How can you see whether or not these shingles have physical damage? These shingles are 15+ year old 3-tabs that obviously don't have proper ventilation... but that doesn't matter in an insurance claim.
If she lives in a matching state, that roof is totaled. I guarantee that there is at least one tab on that roof that has either been lifted through the nail hole, creased or has undeniable mat transfer... all three of which ARE considered wind damage (would win appraisal 10/10 times) and covered by the homeowners policy.
Regardless, from what I can observe in the picture provided (which isn't much, but after observing it very closely, I am in full agreement with 'roofermann' in regards to believing there is exposed fiberglass), this 15+ YO roof with a 20-25 year useful life, worst case scenario, can easily be argued as non-repairable and as long as you are persistent and have the correct representation as stated above by AD, you will win that battle.
I would not hold off on replacing the roof given its age and condition. I especially would not give up on this claim, because at this point you have nothing to lose. They are already asking you to replace the entire roof on your own dime. Not sure what state you live in, but if the contractor has no luck on the re-inspection and worst comes to worst (It happens sometimes... we cannot argue policy and the insurance provider technically doesn't have to listen to us if we are acting as the General Contractor on the claim), I would definitely look into getting an appraiser to represent you on the claim before paying out of pocket. Even if you're contractor is not willing to cover the appraiser and potentially umpire fee's, it is still a much better option than the insurance provider is giving you now, which is 100% out of pocket. The appraisal process will end up taking some time, depending on the insurance company, maybe a very long time... but, as I said it beats coming out of pocket all day long.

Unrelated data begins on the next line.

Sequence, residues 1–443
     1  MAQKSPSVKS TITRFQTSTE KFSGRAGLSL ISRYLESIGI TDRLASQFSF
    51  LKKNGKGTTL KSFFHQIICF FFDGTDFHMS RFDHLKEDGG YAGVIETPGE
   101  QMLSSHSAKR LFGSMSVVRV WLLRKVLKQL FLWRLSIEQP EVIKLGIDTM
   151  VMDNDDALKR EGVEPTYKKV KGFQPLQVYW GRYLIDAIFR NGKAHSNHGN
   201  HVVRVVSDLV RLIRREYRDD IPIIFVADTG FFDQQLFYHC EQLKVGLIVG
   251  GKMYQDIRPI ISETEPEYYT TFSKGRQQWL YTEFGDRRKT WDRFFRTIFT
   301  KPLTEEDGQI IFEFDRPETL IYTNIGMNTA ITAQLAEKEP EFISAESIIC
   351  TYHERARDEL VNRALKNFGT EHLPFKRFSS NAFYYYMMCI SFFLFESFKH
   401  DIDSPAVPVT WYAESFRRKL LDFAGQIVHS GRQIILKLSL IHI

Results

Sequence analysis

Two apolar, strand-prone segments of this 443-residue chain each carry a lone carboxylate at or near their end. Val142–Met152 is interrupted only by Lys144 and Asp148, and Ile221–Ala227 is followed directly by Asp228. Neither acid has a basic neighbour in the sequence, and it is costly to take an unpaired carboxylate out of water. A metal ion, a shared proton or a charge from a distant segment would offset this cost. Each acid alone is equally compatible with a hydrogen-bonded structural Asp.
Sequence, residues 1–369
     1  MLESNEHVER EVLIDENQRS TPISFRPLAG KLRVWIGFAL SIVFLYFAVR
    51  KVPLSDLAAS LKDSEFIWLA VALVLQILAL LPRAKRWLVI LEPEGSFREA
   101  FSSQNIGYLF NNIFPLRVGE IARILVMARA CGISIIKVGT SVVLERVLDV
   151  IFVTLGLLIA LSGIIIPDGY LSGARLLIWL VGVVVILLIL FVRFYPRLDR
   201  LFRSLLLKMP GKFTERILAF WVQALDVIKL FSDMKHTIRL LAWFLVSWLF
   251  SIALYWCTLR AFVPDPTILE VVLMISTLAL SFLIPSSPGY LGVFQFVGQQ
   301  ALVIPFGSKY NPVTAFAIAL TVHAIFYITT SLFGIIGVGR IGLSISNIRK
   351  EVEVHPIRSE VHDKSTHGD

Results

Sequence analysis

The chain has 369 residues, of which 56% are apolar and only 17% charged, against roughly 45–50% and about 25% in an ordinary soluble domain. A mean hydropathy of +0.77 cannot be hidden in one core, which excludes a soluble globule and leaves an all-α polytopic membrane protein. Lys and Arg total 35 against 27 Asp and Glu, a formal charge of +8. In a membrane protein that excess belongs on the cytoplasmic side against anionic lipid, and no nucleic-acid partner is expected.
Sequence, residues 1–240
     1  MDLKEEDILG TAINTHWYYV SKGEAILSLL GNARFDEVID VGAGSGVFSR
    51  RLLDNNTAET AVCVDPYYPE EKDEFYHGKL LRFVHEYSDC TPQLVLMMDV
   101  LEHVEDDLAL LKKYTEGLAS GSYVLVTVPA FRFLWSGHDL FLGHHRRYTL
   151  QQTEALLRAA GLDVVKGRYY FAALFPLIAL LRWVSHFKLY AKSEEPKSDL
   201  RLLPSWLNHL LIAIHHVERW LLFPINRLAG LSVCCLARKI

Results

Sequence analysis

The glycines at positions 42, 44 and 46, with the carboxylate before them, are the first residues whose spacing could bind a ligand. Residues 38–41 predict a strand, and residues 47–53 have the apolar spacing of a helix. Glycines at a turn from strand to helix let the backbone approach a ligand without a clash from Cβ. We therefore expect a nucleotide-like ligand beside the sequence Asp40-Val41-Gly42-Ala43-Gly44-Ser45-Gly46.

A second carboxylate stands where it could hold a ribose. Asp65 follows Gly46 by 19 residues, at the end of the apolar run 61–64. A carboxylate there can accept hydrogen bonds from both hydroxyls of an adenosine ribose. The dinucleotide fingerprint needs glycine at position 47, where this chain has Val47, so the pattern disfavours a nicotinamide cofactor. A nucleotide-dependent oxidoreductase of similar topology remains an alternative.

If you by some crazy chance live around the Indianapolis area, I would be happy to take a look at it for you and devise a game plan if I can confirm any of the things I said above in regards to the picture (or find damage that the adjuster just so happened to 'overlook' while taking his one picture). Unfortunately, Indiana does not have a matching clause, which automatically voids the first and easiest option I proposed in this post.
I wish you the best of luck, truly!